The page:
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|Articles - June 2014|
|Thursday, May 29, 2014|
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With so many companies, so much experience and such varied talent concentrated in a single region, resources do indeed abound.
But there are challenges as well. One of Clancey’s immediate concerns is the paucity of local investors interested in supporting smaller apparel companies like Homeschool. Not that there aren’t investors — they’re just not in Portland. He says some of the reluctance may stem from clothing companies that have stumbled big in the past, but investing in an apparel company versus, say, a tech startup also requires a much bigger investment and incubation period.
“It takes a lot more initial capital and a longer period of time to see success,” says Sucheta Bal, PDC’s business development coordinator for the athletic and outdoor industry. “Some investors look more at the tech model and think that that’s where they want to go with their money.”
Despite the area’s reputation for a deep pool of creative and experienced talent, Bal says many companies in the apparel space still seem to recruit people from outside the region. Icebreaker, for example, brought seasoned outdoor industry and PR veteran Shana Frahm up from California to head up its global PR operations. Rose notes, too, that the Bay Area is still a bigger draw for technology — Nike, which recently nixed the hardware side of its FuelBand fitness tracker, opened its Nike+ Fuel Lab there, not in Portland, in April — and the East Coast is much more attractive when it comes to the latest in fabric-mill technology.
“We continue to look at ways to support the cluster in training and development in any way possible,” says Paul Swangard, managing director for the Warsaw Sports Marketing Center at the University of Oregon, which is one of the ways Oregon goes about growing its own talent. At UO, that means continuing to offer the sports-focused MBA while adding new programs and offering industry-focused workshops in Portland. One such workshop in early May brought together industry professionals to learn about creative storytelling for sports-product marketing.
Portland State University has also expanded its footprint in the athletic and outdoor space in recent years, adding an undergraduate certificate program in marketing, retailing, distribution and sales, and a noncredit certificate for students interested in product planning, sourcing and merchandising. Lauren Beitelspacher, director of the school’s athletic and outdoor industry program, says programs often include presentations from professionals who work for big-name apparel companies in the metro region. There are also efforts to increase the number of women and minorities who enter the field, including a newly launched affiliate chapter of the Outdoor Industries Women’s Coalition and a partnership with Pensole Footwear Design Academy, set to kick off in 2015, that will introduce students from historically black colleges to careers in footwear design.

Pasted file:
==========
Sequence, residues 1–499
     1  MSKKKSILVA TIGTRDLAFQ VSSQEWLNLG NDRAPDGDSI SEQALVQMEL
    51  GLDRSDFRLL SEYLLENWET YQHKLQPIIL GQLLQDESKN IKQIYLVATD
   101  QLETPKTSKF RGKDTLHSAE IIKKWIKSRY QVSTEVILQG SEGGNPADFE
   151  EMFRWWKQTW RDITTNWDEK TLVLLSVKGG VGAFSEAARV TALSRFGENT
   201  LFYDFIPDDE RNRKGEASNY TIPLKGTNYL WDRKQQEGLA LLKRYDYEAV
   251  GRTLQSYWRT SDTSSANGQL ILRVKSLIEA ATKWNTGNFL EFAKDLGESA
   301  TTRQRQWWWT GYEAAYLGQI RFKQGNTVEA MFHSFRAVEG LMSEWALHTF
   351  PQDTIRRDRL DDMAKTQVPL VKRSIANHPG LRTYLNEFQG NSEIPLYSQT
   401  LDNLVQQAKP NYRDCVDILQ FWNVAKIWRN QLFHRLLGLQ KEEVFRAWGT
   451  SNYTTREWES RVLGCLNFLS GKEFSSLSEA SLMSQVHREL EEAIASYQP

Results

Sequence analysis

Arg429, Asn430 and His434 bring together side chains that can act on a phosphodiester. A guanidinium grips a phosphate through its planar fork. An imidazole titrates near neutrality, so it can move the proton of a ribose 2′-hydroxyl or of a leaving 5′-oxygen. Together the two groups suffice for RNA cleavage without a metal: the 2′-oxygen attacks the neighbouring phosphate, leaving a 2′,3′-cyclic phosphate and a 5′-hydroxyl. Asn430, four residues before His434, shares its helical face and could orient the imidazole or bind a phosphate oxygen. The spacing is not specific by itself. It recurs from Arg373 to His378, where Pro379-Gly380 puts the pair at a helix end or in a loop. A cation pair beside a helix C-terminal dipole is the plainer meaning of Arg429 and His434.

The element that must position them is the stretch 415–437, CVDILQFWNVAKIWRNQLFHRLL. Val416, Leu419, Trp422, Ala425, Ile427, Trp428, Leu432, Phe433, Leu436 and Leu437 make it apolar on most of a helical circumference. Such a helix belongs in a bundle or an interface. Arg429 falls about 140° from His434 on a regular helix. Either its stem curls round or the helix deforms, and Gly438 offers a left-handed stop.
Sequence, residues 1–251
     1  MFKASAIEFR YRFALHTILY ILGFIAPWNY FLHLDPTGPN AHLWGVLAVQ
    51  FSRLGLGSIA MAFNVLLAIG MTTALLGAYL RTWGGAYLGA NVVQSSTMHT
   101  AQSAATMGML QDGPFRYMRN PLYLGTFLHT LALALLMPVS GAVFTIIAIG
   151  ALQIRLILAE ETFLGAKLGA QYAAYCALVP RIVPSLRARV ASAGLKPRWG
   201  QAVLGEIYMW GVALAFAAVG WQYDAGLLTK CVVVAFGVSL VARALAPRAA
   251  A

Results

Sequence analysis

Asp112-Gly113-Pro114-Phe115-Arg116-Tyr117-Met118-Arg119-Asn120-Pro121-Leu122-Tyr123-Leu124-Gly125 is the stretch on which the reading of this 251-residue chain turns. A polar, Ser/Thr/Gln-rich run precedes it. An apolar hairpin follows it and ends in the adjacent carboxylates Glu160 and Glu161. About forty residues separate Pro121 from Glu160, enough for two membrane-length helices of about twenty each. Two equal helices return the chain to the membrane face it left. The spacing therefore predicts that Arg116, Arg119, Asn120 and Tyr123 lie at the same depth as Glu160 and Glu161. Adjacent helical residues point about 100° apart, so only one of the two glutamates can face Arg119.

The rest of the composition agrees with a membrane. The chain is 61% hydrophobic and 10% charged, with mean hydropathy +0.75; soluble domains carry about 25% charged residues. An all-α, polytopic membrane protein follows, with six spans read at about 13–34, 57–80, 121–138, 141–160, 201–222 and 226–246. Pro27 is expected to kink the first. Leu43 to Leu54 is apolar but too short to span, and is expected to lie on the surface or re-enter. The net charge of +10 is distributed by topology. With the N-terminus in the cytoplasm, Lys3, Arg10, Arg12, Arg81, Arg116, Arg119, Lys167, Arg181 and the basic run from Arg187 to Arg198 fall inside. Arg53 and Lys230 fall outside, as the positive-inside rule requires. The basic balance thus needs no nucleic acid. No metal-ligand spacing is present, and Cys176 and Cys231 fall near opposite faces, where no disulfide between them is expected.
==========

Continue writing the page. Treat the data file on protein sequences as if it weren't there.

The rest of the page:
“There aren’t as many women and minorities in the field, but that’s changing,” Beitelspacher says. “I mean, women are among the fastest-growing demographic for many of these retailers and products, so it’d be great to employ them.”
The sector is likely to diversify as it evolves — and as Portland itself becomes more diverse. And as companies that manufacture locally find success, others may follow. Hip, youthful, with forays into diversity and local manufacturing: If that description sounds familiar, it’s because the evolution of Portland’s outdoor apparel cluster looks a whole lot like the evolution of Portland.
Monday, April 27, 2015
BY JACOB PALMER AND EILEEN GARVIN
A power lunch at Solstice Wood Fire Cafe & Bar.
Thursday, March 26, 2015
Janet LaBar, Executive director, Greater Portland Inc.
Friday, April 17, 2015
PHOTOS BY JASON E. KAPLAN
The 32nd annual CBC attracted a record number of attendees (11,000) to the Oregon Convention Center.
Thursday, April 23, 2015
BY JASON NORRIS | GUEST BLOGGER
There are winners and losers with a strengthening U.S. dollar.
Thursday, May 14, 2015
BY JASON E. KAPLAN | STAFF PHOTOGRAPHER
There are more than 160 farmers markets in Oregon, contributing an estimated $50 million in sales, according to the Oregon Farmers Markets Association. We checked in on the Forest Grove market, which for several years has brought local produce and food vendors to Main Street in the center of town.
Monday, April 27, 2015
BY LINDA BAKER
Mohan Nair channels a visionary.
Monday, April 27, 2015
BY KIM MOORE
A conversation with Martha Richards, executive director of the James F. & Marion L. Miller Foundation.
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34 spots for food, 17 places to sip, and 7 sites to choose a brew beckon visitors.